WASHINGTON -- Nihad Ghadry wants the world to forget what he wrote about the Saudi royal family.
Last year, the former adviser to Saudi Arabia's secretive rulers turned against his former employers with vitriol, condemning "the failure of the political process in Saudi Arabia" and accusing Prince Bandar bin Sultan, the high-profile and influential Saudi envoy to Washington, of being "a U.S. property."
Now Mr. Ghadry has had a change of heart, saying that the circumstances in which he based his writings no longer exist in Saudi Arabia.
A Virginia publisher who reprinted two of his attacks claims Saudi Arabia's rulers have bought Mr. Ghadry's silence -- a charge his lawyer flatly denies.
Whatever the reason, Mr. Ghadry, a Saudi citizen and U.S. resident alien, has gone to federal court in Alexandria, Va., to try to block further publication of his former views and to seek damages. He charges that the publisher of the Arabic-language newspaper, Al-Watan, violated his rights under U.S. copyright law by publishing the articles after he had refused permission.
A federal judge, who has set a hearing for this morning, was asked to ban any further publication of Mr. Ghadry's earlier articles. At this stage, the only issues the judge is considering is whether it would cause more harm to stop publication or let it go ahead, and to make some informed guess about who is likely to win the case. Later, in a full trial on the copyright claim, the case will explore the scope of rights protected by U.S. copyright, the harm -- if any -- done by reprinting, and what damages to allow.
Mr. Ghadry, who describes himself as an author and scholar, wrote about 25 articles between February and December 1992 that were, in his words, "critical of the Saudi Arabian government, the Saudi Arabian royal family and the Saudi Arabian ambassador to the United States."
At the time he wrote them, Mr. Ghadry "had some differences with the royal family [and was] urging democratic reforms," his attorney, Paul T. Glasgow, told The Sun yesterday.
"Since that time, reforms have been initiated, and he now has good relations with the royal family," Mr. Glasgow said.
When Al-Watan's owner, Nizam Mahdawi, called Mr. Ghadry on Nov. 13 to ask if he could reprint two of the earlier articles, Mr. Ghadry refused, his lawyer said.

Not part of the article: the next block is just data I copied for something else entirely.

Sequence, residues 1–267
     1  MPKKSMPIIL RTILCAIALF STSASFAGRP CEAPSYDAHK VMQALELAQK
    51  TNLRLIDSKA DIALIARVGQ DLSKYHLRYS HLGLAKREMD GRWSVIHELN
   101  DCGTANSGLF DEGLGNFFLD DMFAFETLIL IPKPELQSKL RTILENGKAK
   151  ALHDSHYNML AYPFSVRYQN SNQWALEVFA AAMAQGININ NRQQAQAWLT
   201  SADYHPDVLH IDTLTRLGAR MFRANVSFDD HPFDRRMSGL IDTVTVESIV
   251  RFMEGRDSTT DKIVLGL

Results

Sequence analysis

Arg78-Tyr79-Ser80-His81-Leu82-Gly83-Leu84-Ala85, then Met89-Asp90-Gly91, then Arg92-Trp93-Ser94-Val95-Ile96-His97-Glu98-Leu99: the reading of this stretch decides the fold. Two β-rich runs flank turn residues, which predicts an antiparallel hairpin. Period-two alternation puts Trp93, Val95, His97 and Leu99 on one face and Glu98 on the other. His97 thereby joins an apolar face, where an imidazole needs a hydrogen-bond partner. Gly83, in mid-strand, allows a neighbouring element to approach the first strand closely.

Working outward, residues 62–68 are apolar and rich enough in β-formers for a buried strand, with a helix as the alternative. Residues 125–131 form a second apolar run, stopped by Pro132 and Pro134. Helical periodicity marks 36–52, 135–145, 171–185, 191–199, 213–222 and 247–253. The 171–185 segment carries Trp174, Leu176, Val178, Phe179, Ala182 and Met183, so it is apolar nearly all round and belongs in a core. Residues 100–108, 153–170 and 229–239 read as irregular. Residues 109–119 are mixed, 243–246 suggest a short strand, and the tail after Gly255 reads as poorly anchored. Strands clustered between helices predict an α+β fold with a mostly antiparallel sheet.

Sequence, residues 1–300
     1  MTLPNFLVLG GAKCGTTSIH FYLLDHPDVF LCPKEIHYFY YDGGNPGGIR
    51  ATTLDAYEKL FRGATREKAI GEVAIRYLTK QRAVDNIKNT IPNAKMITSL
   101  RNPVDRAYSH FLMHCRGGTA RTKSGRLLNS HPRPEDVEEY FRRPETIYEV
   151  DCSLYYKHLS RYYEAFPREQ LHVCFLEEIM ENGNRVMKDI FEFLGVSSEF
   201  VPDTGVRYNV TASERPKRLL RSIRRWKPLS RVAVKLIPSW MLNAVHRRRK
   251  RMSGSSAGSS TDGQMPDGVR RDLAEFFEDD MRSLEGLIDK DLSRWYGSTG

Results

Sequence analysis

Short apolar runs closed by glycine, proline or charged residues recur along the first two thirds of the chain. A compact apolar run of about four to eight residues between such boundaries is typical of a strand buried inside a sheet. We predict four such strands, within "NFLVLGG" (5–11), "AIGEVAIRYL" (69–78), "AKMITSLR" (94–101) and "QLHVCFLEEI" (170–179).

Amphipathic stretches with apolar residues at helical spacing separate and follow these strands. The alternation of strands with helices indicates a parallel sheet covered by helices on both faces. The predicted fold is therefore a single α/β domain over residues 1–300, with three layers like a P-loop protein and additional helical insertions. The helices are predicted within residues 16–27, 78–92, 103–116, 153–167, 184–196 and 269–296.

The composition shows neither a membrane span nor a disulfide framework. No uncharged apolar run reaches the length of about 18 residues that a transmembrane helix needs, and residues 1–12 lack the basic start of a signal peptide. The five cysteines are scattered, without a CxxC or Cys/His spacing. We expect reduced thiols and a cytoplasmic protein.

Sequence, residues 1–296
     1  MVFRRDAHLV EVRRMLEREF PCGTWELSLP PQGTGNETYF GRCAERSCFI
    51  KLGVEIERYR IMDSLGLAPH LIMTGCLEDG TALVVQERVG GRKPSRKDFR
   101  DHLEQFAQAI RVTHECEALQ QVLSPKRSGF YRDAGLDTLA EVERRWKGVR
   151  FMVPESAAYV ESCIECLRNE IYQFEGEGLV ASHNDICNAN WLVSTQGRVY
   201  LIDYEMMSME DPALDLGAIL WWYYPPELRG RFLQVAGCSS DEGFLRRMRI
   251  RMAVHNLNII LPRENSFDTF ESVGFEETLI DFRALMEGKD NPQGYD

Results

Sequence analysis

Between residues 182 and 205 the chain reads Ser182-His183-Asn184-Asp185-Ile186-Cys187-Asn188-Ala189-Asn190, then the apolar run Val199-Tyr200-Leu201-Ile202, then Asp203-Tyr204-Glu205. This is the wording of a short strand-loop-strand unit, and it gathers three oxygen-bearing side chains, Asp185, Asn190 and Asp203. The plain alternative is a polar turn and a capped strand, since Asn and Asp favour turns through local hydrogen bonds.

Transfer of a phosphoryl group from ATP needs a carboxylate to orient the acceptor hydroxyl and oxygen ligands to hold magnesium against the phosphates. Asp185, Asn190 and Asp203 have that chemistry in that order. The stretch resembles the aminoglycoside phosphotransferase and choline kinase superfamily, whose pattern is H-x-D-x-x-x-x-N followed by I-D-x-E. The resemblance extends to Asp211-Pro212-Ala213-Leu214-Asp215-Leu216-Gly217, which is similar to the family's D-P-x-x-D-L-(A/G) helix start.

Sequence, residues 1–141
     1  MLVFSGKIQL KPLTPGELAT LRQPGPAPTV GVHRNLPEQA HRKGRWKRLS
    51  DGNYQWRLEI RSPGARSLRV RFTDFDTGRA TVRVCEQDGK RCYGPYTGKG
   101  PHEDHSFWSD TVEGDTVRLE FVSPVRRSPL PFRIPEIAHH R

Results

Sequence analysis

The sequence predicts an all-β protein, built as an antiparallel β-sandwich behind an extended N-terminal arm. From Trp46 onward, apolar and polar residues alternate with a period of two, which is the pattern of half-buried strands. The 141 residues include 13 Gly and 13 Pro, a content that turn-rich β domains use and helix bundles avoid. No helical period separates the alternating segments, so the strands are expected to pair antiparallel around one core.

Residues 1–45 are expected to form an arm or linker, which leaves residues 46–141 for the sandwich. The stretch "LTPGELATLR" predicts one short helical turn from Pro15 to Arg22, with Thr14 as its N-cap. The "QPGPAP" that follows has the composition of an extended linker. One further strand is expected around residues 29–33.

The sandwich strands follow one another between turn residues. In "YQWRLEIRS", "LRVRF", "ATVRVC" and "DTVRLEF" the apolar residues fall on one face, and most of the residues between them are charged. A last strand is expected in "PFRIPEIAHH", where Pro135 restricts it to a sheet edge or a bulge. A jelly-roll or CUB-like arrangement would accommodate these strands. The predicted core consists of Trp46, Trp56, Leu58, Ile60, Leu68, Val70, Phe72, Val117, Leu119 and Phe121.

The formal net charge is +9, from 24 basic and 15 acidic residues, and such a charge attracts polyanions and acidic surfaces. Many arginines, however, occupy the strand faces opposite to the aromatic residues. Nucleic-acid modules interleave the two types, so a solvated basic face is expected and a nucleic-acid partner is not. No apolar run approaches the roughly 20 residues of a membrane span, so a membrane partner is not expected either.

Al-Watan nevertheless published the articles. One, involving the Saudi ambassador to Washington, Prince Bandar Bin Sultan, entitled, "Bandar, the son of his mother," was originally published in London in May 1992. A second article, "Saudi Arabia, A Nation Falling Apart," originally appeared in a Paris publication in August 1992.
The article on Prince Bandar charges the ambassador with being so close to the U.S. government as to "become a U.S. property and to serve inside the palace of the pirates." A joint U.S.-Saudi pact will reap "catastrophic results, starting with Iraq today, and won't stop until it storms the rest of the other Arab world," it says.
The article claims that "for a long period of time Bandar's father refused to recognize him until he was forced by the late King Faisal to do it."
Al-Watan's lawyer, Joseph P. Drennan, alleges that Mr. Ghadry's conversion was less than sincere.
"Our information is that Mr. Ghadry struck a deal with the Saudi ambassador to the United States, Prince Bandar . . . to cease publication of further material opposed to the regime in exchange for a large sum of money, and that this gentleman was also to see to it that Mr. Mahdawi likewise ceased such publication," Mr. Drennan told U.S. District Judge Claude M. Hilton last week.
Mr. Mahdawi is prepared to testify that he was given this information by Nabil Mograbi, the Paris editor of Sourakia, which published the article on Prince Bandar, according to the attorney. Mr. Drennan will argue in court today that Al-Watan had permission to publish one of the articles and did not reprint the other.
A spokesman for the Saudi Embassy did not return telephone calls seeking comment yesterday afternoon, and Mr. Ghadry, a Saudi citizen who is a U.S. resident alien, could not be reached at his Arlington address.
Asked about the allegation, Mr. Glasgow replied: "We categorically deny it."